There are no products in your shopping cart.
|Items in the cart
An immersive, gripping account of the rise and fall of Iran's glamorous Pahlavi dynasty, written with the cooperation of the late Shah's widow, Empress Farah, Iranian revolutionaries and US officials from the Carter administration.
In this remarkably human portrait of one of the twentieth century's most complicated personalities, Mohammad Reza Pahlavi, Andrew Scott Cooper traces the Shah's life from childhood through his ascension to the throne in 1941. He draws the turbulence of the post-war era during which the Shah survived assassination attempts and coup plots to build a modern, pro-Western state and launch Iran onto the world stage as one of the world's top five powers.
Readers get the story of the Shah's political career alongside the story of his courtship and marriage to Farah Diba, who became a power in her own right, the beloved family they created, and an exclusive look at life inside the palace during the Iranian Revolution. Cooper's investigative account ultimately delivers the fall of the Pahlavi dynasty through the eyes of those who were there: leading Iranian revolutionaries; President Jimmy Carter and White House officials; US Ambassador William Sullivan and his staff in the American embassy in Tehran; American families caught up in the drama; even Empress Farah herself, and the rest of the Iranian Imperial family.
Intimate and sweeping at once, The Fall of Heaven recreates in stunning detail the dramatic and final days of one of the world's most legendary ruling families, the unseating of which helped set the stage for the current state of the Middle East.
“Riveting . . . Based on various documentary sources as well as impressive access to royalists, revolutionaries, Queen Farah Pahlavi, and various U.S. officials, this thorough work is immensely detailed yet readable and continuously engaging.” —Publishers Weekly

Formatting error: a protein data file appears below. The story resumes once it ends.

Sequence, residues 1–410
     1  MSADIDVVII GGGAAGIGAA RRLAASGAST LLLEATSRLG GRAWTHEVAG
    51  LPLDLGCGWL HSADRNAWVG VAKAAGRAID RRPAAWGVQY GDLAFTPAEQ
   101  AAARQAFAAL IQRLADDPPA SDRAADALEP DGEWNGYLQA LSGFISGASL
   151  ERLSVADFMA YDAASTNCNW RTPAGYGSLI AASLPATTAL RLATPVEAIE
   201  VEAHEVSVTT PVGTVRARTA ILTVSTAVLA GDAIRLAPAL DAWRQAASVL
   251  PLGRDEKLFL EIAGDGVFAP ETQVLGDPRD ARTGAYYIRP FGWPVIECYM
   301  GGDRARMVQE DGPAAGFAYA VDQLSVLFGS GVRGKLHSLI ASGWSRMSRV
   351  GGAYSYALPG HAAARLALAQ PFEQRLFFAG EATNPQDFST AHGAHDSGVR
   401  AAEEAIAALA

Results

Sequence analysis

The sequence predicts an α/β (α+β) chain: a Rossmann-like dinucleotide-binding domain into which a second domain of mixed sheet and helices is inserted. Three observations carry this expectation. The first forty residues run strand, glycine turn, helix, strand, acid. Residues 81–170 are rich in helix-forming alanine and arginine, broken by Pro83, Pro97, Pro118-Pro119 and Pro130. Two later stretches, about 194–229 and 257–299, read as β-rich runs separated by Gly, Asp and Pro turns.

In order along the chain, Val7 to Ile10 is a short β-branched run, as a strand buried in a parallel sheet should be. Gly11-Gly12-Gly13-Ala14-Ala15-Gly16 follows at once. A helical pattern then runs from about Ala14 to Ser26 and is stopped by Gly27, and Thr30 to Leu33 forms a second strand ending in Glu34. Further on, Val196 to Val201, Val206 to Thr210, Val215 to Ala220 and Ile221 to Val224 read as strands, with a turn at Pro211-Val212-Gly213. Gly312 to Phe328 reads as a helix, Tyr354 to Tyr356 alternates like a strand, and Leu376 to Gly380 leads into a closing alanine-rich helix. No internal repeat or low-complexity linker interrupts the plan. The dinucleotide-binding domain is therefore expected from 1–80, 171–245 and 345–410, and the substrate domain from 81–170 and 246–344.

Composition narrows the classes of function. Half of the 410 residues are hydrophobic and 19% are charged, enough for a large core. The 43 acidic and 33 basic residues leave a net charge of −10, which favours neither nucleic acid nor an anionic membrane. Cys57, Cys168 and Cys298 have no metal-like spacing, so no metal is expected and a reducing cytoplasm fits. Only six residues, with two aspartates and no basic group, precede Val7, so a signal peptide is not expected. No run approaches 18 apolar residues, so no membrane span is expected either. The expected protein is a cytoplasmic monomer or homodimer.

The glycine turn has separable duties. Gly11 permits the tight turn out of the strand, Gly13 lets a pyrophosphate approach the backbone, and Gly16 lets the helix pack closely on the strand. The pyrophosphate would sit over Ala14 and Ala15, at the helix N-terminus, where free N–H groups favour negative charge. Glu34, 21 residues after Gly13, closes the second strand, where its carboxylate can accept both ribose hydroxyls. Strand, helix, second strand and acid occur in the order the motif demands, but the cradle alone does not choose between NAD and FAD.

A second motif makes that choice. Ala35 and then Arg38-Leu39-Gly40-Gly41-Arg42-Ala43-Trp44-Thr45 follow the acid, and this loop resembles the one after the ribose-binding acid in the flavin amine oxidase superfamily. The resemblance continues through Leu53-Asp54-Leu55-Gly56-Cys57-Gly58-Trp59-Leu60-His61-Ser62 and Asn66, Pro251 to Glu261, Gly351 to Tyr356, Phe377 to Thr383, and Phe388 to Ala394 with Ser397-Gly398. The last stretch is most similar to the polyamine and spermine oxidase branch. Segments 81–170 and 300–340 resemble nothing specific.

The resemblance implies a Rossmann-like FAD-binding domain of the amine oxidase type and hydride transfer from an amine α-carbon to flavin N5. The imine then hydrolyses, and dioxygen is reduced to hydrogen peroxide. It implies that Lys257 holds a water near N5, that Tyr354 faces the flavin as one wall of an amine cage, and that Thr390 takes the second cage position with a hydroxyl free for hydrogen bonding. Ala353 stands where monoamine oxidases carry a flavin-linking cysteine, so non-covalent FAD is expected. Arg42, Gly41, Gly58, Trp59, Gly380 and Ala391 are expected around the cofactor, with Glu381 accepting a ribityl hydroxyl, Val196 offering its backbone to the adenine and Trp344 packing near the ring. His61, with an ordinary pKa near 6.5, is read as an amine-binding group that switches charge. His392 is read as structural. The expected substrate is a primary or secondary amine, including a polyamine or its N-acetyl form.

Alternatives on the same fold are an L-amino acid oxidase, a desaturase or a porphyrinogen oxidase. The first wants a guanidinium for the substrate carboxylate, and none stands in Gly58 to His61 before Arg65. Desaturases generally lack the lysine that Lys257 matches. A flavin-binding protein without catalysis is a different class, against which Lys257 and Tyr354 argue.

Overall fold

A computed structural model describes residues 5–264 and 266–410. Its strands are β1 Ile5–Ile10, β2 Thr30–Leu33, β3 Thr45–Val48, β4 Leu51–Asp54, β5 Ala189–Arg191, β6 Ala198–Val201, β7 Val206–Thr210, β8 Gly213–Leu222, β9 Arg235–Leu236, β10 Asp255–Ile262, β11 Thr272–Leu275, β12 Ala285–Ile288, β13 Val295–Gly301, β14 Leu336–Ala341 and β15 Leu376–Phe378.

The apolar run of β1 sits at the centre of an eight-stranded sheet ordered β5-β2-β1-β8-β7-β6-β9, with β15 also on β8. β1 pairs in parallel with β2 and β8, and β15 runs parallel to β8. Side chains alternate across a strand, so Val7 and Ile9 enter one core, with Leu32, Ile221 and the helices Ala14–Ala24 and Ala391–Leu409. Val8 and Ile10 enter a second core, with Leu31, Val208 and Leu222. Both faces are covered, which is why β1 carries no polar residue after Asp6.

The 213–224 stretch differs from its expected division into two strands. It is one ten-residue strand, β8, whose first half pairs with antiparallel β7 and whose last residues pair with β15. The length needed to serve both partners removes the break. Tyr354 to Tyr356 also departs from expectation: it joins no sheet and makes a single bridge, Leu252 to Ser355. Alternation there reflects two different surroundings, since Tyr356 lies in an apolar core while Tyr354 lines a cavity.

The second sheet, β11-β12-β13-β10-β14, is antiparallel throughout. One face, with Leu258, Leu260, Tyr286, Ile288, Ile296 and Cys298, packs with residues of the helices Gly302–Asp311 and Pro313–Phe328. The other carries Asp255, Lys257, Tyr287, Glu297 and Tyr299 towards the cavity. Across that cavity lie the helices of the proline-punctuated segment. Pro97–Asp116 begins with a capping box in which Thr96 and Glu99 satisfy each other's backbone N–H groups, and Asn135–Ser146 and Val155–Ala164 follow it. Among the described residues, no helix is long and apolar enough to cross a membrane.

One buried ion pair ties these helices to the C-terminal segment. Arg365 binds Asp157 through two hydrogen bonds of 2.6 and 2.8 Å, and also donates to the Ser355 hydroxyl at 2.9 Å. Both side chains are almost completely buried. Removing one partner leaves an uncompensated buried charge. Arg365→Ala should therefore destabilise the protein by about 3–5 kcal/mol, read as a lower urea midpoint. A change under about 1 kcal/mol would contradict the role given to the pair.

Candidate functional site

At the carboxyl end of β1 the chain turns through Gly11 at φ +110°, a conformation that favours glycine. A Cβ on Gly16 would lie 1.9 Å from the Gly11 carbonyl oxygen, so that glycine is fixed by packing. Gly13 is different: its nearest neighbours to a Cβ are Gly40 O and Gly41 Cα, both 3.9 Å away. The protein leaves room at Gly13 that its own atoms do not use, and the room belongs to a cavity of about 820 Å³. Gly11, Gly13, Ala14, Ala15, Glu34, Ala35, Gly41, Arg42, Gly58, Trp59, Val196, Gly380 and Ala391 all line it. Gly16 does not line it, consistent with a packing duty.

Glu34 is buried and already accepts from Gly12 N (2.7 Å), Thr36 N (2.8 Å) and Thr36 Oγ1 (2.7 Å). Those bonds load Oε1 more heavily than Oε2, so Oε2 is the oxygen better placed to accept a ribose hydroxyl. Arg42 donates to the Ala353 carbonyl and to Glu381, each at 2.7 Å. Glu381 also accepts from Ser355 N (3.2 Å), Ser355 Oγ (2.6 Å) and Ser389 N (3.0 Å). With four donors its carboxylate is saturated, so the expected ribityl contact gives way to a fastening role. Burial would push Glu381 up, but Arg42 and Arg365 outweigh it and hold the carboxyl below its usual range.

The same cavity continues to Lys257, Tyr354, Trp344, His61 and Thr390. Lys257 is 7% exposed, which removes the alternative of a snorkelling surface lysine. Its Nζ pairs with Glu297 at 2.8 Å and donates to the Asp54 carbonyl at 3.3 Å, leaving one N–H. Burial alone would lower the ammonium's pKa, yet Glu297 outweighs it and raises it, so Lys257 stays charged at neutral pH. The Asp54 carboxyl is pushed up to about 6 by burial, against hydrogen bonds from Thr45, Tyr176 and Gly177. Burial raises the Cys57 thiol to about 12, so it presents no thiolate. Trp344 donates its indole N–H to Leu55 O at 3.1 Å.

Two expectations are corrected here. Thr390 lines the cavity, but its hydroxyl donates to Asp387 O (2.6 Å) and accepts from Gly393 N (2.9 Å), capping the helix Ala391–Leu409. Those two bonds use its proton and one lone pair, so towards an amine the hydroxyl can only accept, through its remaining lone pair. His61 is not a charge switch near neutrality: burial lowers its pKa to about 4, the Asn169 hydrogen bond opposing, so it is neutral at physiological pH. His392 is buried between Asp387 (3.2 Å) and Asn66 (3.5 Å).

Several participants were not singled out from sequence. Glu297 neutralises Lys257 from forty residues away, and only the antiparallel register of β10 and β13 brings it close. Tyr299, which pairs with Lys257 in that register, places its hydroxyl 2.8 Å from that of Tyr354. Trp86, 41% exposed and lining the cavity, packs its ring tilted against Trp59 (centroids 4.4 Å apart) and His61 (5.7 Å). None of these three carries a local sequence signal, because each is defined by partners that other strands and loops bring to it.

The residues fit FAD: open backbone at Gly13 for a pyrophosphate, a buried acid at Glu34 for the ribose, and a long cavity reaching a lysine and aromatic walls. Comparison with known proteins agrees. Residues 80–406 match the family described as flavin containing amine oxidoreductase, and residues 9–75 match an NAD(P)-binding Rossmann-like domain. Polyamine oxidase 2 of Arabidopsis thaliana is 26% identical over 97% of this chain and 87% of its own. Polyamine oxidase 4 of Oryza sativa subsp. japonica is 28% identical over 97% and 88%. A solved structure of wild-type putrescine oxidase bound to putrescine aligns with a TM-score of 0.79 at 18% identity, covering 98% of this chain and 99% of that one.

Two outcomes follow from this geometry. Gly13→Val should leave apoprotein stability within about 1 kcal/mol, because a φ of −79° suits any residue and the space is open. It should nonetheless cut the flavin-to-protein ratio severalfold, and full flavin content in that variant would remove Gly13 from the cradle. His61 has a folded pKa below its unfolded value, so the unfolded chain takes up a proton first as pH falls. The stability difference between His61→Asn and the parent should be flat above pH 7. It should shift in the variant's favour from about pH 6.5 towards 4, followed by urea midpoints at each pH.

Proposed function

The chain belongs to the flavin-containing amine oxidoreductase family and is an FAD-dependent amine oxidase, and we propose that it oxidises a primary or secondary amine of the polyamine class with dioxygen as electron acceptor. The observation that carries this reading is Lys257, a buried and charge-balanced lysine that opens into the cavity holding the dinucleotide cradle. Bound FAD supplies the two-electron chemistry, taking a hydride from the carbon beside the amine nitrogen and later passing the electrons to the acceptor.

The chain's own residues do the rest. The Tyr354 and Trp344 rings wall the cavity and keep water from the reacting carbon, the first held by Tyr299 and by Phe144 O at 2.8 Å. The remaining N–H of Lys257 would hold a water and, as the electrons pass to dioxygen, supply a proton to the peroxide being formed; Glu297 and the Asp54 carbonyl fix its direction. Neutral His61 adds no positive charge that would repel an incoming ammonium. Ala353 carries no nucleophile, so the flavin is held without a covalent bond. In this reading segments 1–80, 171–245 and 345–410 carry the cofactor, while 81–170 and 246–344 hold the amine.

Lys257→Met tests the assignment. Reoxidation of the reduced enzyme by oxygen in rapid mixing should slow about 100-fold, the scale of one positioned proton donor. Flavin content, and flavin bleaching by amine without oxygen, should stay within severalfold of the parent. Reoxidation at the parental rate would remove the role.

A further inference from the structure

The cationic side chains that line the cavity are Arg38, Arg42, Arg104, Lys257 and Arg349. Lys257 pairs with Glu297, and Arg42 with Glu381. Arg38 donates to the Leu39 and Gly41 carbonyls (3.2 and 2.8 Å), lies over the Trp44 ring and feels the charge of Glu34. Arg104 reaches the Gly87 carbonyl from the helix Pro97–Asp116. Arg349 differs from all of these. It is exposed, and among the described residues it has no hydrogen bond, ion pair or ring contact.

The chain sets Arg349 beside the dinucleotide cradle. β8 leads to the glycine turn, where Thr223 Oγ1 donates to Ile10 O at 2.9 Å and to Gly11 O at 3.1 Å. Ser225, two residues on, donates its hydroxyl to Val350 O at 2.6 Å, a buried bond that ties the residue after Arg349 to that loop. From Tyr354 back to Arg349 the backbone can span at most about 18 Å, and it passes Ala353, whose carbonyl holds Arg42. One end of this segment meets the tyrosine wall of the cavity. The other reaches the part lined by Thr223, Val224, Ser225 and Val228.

"[Cooper] delves intimately into the life of the leader who believed firmly in the separation of church and state and who seemed stern and humorless to the public yet was a devoted father of five children and had no patience for the imams dragging their feet on reforms. . . A thorough new appraisal of an enigmatic ruler who died believing his people still loved him." —Kirkus (starred review)
“Cooper provides an expert and more nuanced view of the Shah, his regime, and its collapse….This is a fine revisionist study of major world events that continue to influence the fate of the Middle East.” —Booklist
“Here is all the power and glamour—but also the dark side and ultimately the tragedy—of the last Shah of Iran. A moving and thoroughly researched account.” —Robert Lacey, author of The Kingdom and Inside the Kingdom
“The Fall of Heaven is a vivid and penetrating portrait of the last chapters of imperial Iran and the ruler whose attempt to thrust his country into modernity ended with upheaval and exile. This book provides valuable insight into the background of a revolution that is still shaking international politics today.”
—Paul R. Pillar, twenty-eight-year veteran of the CIA and senior fellow at Georgetown University and the Brookings Institution